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Jupiter Pummeled, Leaving Bruise The Size Of Pacific Ocean

Date:
July 21, 2009
Source:
NASA/Jet Propulsion Laboratory
Summary:
Scientists have found evidence that another object has bombarded Jupiter, exactly 15 years after the first impacts by the comet Shoemaker-Levy 9.

The scar from the probably impact appeared July 19 in Jupiter's southern hemisphere, and has grown to a size greater than the extent of the Pacific Ocean. This infrared image taken with Keck II on July 20 shows the new feature observed on Jupiter and its relative size compared to Earth.
Credit: Paul Kalas (UCB), Michael Fitzgerald (LLNL/UCB), Franck Marchis (SETI Institute/UCB), James Graham (UCB)

Scientists have found evidence that another object has bombarded Jupiter, exactly 15 years after the first impacts by the comet Shoemaker-Levy 9.

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Following up on a tip by an amateur astronomer, Anthony Wesley of Australia, that a new dark "scar" had suddenly appeared on Jupiter, this morning between 3 and 9 a.m. PDT (6 a.m. and noon EDT) scientists at NASA's Jet Propulsion Laboratory in Pasadena, Calif., using NASA's Infrared Telescope Facility at the summit of Mauna Kea, Hawaii, gathered evidence indicating an impact.

New infrared images show the likely impact point was near the south polar region, with a visibly dark "scar" and bright upwelling particles in the upper atmosphere detected in near-infrared wavelengths, and a warming of the upper troposphere with possible extra emission from ammonia gas detected at mid-infrared wavelengths.

"We were extremely lucky to be seeing Jupiter at exactly the right time, the right hour, the right side of Jupiter to witness the event. We couldn't have planned it better," said Glenn Orton, a scientist at JPL.

Orton and his team of astronomers kicked into gear early in the morning and haven't stopped tracking the planet. They are downloading data now and are working to get additional observing time on this and other telescopes.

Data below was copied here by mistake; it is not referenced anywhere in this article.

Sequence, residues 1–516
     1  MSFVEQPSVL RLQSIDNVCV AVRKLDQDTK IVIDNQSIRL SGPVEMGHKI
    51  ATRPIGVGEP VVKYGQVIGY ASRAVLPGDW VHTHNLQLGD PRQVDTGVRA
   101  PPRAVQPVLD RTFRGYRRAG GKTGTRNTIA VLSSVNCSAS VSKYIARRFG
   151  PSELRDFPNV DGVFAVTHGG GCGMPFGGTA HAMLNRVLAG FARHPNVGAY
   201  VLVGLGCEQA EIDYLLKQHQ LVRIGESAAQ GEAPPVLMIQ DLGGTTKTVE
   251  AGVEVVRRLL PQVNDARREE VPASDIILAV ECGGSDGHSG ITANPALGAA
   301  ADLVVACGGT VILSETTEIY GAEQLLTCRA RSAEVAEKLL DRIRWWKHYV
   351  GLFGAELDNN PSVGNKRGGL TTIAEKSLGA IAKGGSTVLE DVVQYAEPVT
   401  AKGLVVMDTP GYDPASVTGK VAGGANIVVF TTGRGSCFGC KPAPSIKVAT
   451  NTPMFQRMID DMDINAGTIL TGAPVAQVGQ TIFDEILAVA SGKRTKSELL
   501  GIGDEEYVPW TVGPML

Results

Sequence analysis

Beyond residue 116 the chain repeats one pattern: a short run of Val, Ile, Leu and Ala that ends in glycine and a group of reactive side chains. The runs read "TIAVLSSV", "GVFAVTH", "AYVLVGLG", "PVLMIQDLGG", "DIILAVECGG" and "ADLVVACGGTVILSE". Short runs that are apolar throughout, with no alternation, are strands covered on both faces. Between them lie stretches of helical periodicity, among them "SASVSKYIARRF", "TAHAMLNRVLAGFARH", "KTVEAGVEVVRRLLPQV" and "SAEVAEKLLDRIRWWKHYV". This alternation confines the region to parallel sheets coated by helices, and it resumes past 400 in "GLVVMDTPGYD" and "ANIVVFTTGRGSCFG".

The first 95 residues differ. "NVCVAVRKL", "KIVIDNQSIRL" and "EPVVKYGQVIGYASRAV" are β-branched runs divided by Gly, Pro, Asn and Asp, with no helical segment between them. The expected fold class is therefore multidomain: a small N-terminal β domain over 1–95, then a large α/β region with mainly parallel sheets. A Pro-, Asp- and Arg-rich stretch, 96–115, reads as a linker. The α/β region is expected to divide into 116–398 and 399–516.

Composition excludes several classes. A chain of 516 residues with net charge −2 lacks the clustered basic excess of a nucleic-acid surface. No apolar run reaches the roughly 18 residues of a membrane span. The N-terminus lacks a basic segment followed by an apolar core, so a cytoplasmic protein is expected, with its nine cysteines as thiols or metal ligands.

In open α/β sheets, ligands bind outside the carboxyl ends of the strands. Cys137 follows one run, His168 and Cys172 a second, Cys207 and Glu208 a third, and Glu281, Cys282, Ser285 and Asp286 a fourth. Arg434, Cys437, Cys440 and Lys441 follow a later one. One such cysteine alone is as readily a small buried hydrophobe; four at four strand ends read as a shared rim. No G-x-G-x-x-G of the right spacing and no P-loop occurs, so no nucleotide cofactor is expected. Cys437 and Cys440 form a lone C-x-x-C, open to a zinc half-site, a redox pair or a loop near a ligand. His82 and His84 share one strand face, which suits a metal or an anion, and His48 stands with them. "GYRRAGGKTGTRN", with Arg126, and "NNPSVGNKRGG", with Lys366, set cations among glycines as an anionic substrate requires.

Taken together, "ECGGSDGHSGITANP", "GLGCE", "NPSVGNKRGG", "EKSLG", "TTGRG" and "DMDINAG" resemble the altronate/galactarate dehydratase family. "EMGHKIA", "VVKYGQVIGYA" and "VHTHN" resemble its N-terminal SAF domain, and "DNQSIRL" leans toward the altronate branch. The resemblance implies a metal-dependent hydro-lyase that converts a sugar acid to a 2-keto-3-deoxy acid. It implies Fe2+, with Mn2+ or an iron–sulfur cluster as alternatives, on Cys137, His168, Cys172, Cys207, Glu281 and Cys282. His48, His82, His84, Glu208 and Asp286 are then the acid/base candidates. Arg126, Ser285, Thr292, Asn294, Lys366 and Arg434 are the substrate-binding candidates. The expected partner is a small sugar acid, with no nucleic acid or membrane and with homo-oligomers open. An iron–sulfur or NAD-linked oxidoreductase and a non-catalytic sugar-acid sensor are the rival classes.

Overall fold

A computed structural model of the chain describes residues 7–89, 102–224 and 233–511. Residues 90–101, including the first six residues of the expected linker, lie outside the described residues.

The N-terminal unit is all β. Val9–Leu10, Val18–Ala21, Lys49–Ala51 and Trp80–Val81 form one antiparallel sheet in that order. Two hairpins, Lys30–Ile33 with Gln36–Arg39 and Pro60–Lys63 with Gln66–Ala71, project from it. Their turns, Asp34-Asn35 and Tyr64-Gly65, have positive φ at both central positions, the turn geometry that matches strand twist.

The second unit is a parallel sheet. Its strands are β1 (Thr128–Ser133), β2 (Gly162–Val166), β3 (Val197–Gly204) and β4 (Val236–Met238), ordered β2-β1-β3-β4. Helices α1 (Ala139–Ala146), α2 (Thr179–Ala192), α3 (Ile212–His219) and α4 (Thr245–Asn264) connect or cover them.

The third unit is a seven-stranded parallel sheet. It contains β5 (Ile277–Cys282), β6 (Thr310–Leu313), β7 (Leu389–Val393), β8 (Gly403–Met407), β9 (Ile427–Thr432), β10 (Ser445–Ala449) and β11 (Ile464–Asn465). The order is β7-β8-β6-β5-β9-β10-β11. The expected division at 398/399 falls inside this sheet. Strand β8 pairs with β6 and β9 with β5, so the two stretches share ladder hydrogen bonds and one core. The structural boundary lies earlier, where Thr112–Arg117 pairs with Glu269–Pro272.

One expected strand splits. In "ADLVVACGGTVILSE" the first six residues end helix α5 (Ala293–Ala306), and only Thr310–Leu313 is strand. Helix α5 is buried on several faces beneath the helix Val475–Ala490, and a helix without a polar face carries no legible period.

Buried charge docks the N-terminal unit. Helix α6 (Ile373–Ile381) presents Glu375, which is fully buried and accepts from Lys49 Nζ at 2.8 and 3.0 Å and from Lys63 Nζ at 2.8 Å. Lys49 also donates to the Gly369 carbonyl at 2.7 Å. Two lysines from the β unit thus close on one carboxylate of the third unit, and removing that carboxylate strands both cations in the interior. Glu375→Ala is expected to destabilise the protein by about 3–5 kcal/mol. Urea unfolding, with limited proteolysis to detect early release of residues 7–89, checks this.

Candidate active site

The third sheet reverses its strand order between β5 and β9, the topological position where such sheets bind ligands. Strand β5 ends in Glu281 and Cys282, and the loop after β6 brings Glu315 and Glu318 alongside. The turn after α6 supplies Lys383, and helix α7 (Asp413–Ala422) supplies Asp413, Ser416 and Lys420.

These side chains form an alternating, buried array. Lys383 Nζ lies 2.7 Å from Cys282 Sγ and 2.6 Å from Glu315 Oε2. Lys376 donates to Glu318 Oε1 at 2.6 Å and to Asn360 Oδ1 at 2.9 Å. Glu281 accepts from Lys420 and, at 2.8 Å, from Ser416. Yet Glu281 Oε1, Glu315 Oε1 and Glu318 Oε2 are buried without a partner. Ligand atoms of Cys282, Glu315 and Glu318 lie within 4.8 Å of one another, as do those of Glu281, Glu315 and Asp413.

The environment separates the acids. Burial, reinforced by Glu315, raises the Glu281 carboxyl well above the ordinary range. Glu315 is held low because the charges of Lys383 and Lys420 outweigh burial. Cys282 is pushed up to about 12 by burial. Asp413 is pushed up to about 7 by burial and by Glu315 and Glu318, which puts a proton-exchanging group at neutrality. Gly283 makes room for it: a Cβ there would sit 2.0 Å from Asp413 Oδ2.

This image was taken at 1.65 microns, a wavelength sensitive to sunlight reflected from high in Jupiter's atmosphere, and it shows both the bright center of the scar (bottom left) and the debris to its northwest (upper left).

"It could be the impact of a comet, but we don't know for sure yet," said Orton. "It's been a whirlwind of a day, and this on the anniversary of the Shoemaker-Levy 9 and Apollo anniversaries is amazing."

Shoemaker-Levy 9 was a comet that had been seen to break into many pieces before the pieces hit Jupiter in 1994.

Leigh Fletcher, a NASA postdoctoral fellow at JPL who worked with Orton during these latest observations said, "Given the rarity of these events, it's extremely exciting to be involved in these observations. These are the most exciting observations I've seen in my five years of observing the outer planets!"

The observations were made possible in large measure by the extraordinary efforts of the Infrared Telescope Facility staff, including telescope operator William Golisch, who adroitly moved three instruments in and out of the field during the short time the scar was visible on the planet, providing the wide wavelength coverage.

JPL is managed for NASA by the California Institute of Technology in Pasadena.


Story Source:

The above story is based on materials provided by NASA/Jet Propulsion Laboratory. Note: Materials may be edited for content and length.


Cite This Page:

NASA/Jet Propulsion Laboratory. "Jupiter Pummeled, Leaving Bruise The Size Of Pacific Ocean." ScienceDaily. ScienceDaily, 21 July 2009. <www.sciencedaily.com/releases/2009/07/090720225213.htm>.
NASA/Jet Propulsion Laboratory. (2009, July 21). Jupiter Pummeled, Leaving Bruise The Size Of Pacific Ocean. ScienceDaily. Retrieved December 18, 2014 from www.sciencedaily.com/releases/2009/07/090720225213.htm
NASA/Jet Propulsion Laboratory. "Jupiter Pummeled, Leaving Bruise The Size Of Pacific Ocean." ScienceDaily. www.sciencedaily.com/releases/2009/07/090720225213.htm (accessed December 18, 2014).

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